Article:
St. Cloud Survey
I would greatly appreciate your help. Below is a key informant
survey on technology models and tools for collaborative problem-solving in
public health. You are
part of a small pilot group
of broad-thinking professionals giving viewpoints from different sectors:
government, academic, non-profit, and commercial.
Each response will be read carefully and you will receive a summary.
Thank you for responding by the end of Monday,
May 15th, 2000.
survey has 11 questions and should take 15-40 minutes, depending upon the
number of links you explore in question #8.
Internet technology has redefined time and
distance. It is extending the consequences, intended and unintended, of societal and corporate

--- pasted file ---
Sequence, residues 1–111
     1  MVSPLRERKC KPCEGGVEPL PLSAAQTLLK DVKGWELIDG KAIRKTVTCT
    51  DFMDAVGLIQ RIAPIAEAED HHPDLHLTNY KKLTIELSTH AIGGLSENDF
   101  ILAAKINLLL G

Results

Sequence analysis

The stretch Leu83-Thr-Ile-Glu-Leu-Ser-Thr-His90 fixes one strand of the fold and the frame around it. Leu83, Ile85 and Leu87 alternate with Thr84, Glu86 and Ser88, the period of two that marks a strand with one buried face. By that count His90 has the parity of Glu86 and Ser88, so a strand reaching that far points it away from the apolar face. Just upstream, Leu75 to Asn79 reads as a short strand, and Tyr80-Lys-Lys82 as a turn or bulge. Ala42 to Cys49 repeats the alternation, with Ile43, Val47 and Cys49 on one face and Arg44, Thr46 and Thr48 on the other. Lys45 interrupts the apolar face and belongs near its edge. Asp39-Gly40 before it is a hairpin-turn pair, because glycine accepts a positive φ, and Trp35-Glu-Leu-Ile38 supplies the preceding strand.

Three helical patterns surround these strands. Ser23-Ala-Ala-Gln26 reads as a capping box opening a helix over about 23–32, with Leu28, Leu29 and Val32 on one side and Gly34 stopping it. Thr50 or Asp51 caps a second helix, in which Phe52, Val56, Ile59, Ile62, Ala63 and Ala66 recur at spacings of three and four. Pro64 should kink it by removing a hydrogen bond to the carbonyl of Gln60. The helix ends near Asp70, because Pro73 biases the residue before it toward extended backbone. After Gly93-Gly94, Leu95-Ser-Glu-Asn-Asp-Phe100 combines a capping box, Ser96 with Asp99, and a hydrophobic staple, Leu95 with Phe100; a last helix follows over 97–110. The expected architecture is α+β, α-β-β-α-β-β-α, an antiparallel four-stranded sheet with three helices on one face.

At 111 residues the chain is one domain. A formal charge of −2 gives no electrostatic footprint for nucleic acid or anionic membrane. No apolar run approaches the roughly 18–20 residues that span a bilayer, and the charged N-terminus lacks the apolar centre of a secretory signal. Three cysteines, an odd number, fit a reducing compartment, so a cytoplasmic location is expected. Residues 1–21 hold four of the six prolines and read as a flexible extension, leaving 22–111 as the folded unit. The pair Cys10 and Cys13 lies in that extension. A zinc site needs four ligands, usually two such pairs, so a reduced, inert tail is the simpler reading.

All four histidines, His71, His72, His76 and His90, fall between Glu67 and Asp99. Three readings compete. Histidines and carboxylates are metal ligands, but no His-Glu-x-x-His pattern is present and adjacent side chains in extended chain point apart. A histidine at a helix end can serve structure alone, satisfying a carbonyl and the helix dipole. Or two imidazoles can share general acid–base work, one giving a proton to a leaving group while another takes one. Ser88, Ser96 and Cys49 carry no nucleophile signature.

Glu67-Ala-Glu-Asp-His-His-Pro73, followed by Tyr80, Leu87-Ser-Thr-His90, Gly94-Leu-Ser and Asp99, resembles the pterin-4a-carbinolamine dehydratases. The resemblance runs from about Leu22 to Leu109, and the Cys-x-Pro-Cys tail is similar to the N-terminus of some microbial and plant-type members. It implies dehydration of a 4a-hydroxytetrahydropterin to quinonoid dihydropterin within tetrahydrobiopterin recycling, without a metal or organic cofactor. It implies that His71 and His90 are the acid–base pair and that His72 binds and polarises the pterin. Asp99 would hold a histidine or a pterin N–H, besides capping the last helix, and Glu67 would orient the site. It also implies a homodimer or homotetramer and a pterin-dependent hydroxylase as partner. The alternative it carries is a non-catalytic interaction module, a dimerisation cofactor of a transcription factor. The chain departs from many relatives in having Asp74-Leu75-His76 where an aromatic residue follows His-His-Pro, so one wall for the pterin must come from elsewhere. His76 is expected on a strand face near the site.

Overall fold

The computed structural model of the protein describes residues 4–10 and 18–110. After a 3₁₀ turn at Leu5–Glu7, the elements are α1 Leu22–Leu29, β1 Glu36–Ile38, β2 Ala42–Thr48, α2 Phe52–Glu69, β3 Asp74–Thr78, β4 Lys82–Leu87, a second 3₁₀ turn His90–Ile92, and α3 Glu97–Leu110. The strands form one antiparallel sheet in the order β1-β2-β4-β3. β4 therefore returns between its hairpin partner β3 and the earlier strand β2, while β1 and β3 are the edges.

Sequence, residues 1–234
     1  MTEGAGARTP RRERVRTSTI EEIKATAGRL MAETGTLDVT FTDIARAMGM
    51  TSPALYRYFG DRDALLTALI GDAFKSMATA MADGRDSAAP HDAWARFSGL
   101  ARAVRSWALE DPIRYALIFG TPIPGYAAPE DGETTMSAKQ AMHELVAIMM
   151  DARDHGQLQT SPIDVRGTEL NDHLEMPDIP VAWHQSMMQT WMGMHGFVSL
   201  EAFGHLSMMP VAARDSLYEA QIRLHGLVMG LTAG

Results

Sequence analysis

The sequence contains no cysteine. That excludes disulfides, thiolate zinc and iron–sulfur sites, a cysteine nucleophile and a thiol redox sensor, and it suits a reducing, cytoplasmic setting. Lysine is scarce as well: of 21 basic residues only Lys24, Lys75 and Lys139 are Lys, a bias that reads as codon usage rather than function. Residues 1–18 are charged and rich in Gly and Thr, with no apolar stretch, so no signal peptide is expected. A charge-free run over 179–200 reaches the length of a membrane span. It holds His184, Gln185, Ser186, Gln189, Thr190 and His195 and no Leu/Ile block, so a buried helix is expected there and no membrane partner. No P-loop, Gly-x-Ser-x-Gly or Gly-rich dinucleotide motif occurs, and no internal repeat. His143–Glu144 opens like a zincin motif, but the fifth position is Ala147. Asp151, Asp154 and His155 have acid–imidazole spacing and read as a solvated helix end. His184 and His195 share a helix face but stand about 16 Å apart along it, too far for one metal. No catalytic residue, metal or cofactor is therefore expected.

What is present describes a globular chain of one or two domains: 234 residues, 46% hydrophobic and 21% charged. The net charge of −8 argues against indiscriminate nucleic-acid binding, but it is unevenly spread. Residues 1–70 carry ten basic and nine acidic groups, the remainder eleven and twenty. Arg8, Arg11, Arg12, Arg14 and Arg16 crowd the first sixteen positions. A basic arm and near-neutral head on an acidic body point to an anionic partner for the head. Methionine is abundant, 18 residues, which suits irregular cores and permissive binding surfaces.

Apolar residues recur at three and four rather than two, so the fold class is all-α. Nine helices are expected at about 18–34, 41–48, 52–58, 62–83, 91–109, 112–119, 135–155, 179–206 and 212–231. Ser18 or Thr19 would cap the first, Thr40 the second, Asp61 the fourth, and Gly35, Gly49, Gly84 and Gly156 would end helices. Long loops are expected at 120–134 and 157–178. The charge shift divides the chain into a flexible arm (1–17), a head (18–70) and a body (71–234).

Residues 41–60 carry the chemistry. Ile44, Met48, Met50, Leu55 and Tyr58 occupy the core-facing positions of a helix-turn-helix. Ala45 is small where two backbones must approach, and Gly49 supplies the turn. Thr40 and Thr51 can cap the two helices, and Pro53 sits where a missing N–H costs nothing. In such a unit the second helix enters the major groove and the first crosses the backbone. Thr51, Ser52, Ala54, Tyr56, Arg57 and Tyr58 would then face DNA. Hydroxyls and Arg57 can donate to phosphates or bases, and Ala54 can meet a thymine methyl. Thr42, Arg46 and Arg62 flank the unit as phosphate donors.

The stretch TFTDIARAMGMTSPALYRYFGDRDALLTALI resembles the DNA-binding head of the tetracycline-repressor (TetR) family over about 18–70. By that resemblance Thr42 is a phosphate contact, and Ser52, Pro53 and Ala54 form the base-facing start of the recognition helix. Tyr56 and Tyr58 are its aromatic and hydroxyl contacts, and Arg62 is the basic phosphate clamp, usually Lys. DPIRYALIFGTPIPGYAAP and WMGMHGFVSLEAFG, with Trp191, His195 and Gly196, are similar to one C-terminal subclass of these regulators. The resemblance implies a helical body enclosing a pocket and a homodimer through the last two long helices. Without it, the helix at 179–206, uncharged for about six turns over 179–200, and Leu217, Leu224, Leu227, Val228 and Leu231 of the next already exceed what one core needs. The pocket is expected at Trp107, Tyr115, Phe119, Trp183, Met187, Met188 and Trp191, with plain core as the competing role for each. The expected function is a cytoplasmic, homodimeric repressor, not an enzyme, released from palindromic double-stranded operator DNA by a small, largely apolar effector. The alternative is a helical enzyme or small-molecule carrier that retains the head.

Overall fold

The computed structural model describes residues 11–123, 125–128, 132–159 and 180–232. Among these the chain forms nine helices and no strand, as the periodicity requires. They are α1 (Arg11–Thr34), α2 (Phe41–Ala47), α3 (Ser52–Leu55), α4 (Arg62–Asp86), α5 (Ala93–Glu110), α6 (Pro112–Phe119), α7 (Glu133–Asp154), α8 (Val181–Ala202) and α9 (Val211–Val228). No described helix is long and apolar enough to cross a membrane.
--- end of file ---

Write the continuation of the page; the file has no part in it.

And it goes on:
decisions. We are learning how profoundly these decisions affect our public health challenges. As
public health matures with the global information infrastructure, it becomes
more important to:
- work across public/private sectors,
- understand health in the context of complex and rapidly
evolving systems (social, economic, technological, environmental), and
- ensure that everyone involved is
at the "virtual" discussion table.
What kinds of technologies will help us to build deep
relationships among varied stakeholders? What kinds of technologies will help
us to share in the creation of knowledge bases for innovation and better decision-making?
Your replies will help chart this emerging landscape,
from West African countries rebuilding after devastating wars to
epidemiologists tracking the effects of animal feed antibiotics in groundwater
in local communities. Here is a link
for more background and examples of current global electronic dialogues.
This survey is for my masters thesis in public health
and has received
approval from the University of Washington Human Subjects Division. Your
name, e-mail and IP address will not be recorded. Data will be presented in the aggregate and no
individual respondent will be able to be identified in reports.
Thank you for your time. Warm
regards, Jean Wooldridge